Poland's KGHM focused on balance sheet, not dividends
LONDON, Oct 10- Polish miner KGHM, one of the world's leading copper producers, is focusing on shoring up its balance sheet rather than any early return to dividends, its new CEO said.
Marcin Chludzinski, who was named chief executive in June, said he will deliver an updated strategy for the company by the end of the year.
But after shareholders in July approved the company's decision not to pay any dividend, in an interview on the sidelines of LME Week, an industry event in London, he gave no promises of paying out to shareholders soon.
The dividend policy has not changed, up to 30 percent of income can be returned to shareholders, but for now the focus is on containing debt.
"As a company we have to be very careful with regard to our balance sheet," he said, adding the net debt to EBITDA (earnings before interest, tax, depreciation and amortisation) ratio was 1.7, only just below the level of 2, which the company has set as a maximum.
KGHM earnings have been hit by maintenance at operations in Poland as well as reduced output at its Sierra Gorda mine in Chile, in which it has a 55 percent share. The rest is held by Sumitomo Metal Mining (31.5 percent) and Sumitomo Corp (13.5 percent).
The mine produces around 110,000 tonnes of copper ore a day.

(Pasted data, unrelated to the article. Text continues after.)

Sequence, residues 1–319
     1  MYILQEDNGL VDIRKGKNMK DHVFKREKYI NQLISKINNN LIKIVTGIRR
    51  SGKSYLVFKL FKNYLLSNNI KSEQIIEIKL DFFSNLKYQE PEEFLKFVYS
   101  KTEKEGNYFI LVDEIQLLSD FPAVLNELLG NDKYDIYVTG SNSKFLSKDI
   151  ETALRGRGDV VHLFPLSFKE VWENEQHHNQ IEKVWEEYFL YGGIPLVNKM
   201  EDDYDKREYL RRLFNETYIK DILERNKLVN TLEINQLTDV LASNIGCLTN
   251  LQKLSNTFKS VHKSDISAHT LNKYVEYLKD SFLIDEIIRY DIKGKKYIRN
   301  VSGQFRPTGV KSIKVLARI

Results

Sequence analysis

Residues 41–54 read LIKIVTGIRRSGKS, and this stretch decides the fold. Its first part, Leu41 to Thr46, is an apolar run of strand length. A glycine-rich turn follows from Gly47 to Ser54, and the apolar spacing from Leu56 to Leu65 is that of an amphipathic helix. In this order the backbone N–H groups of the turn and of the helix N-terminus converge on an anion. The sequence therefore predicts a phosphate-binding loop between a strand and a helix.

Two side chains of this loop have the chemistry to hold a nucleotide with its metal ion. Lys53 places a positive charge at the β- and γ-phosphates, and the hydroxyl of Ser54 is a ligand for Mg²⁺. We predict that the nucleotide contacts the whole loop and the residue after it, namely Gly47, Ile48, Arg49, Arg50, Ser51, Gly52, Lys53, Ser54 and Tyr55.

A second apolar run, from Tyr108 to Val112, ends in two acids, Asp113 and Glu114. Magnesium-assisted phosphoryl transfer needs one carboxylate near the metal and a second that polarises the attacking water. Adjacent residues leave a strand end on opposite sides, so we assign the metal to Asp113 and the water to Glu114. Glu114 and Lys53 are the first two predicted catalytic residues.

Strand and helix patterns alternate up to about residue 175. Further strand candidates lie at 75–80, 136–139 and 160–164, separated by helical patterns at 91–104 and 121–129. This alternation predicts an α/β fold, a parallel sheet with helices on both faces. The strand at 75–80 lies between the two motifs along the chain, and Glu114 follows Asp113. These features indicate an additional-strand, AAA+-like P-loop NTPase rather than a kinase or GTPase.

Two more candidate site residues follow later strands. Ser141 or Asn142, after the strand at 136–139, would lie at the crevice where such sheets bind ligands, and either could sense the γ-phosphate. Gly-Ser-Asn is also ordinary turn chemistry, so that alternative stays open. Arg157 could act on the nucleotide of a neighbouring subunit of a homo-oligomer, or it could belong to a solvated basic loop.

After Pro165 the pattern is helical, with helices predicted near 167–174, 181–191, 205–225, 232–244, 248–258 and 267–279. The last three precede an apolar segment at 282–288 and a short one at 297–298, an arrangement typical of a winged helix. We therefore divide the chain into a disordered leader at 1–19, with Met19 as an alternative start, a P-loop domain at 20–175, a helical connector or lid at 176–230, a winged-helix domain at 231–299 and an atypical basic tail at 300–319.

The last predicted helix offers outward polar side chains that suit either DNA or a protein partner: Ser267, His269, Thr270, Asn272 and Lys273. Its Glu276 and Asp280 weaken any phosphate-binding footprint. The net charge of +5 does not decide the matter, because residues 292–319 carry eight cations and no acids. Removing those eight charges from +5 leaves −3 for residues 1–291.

Chludzinski said KGHM was working on "de-bottlenecking" or improving efficiency at the mine, and the goal was to increase output to 130,000-140,000 tonnes by 2020-21.
The Chilean authorities have given environmental approval for a $2 billion expansion and upgrade that could increase output to 220,000-230,000 tonnes daily, but Chludzinski said his focus was on the first phase.
KGHM's purchase of foreign assets in 2011 for around $2 billion was the largest foreign acquisition by a Polish company.
Chludzinski said he did not envisage selling the foreign assets, although Poland, which accounts for around 80 percent of the company, was the priority.
There the intention is to exploit other minerals in KGHM's reserves – including rare earths and lithium – as well as the copper and silver that are the basis of KGHM.
(By Barbara Lewis; Editing by Dale Hudson)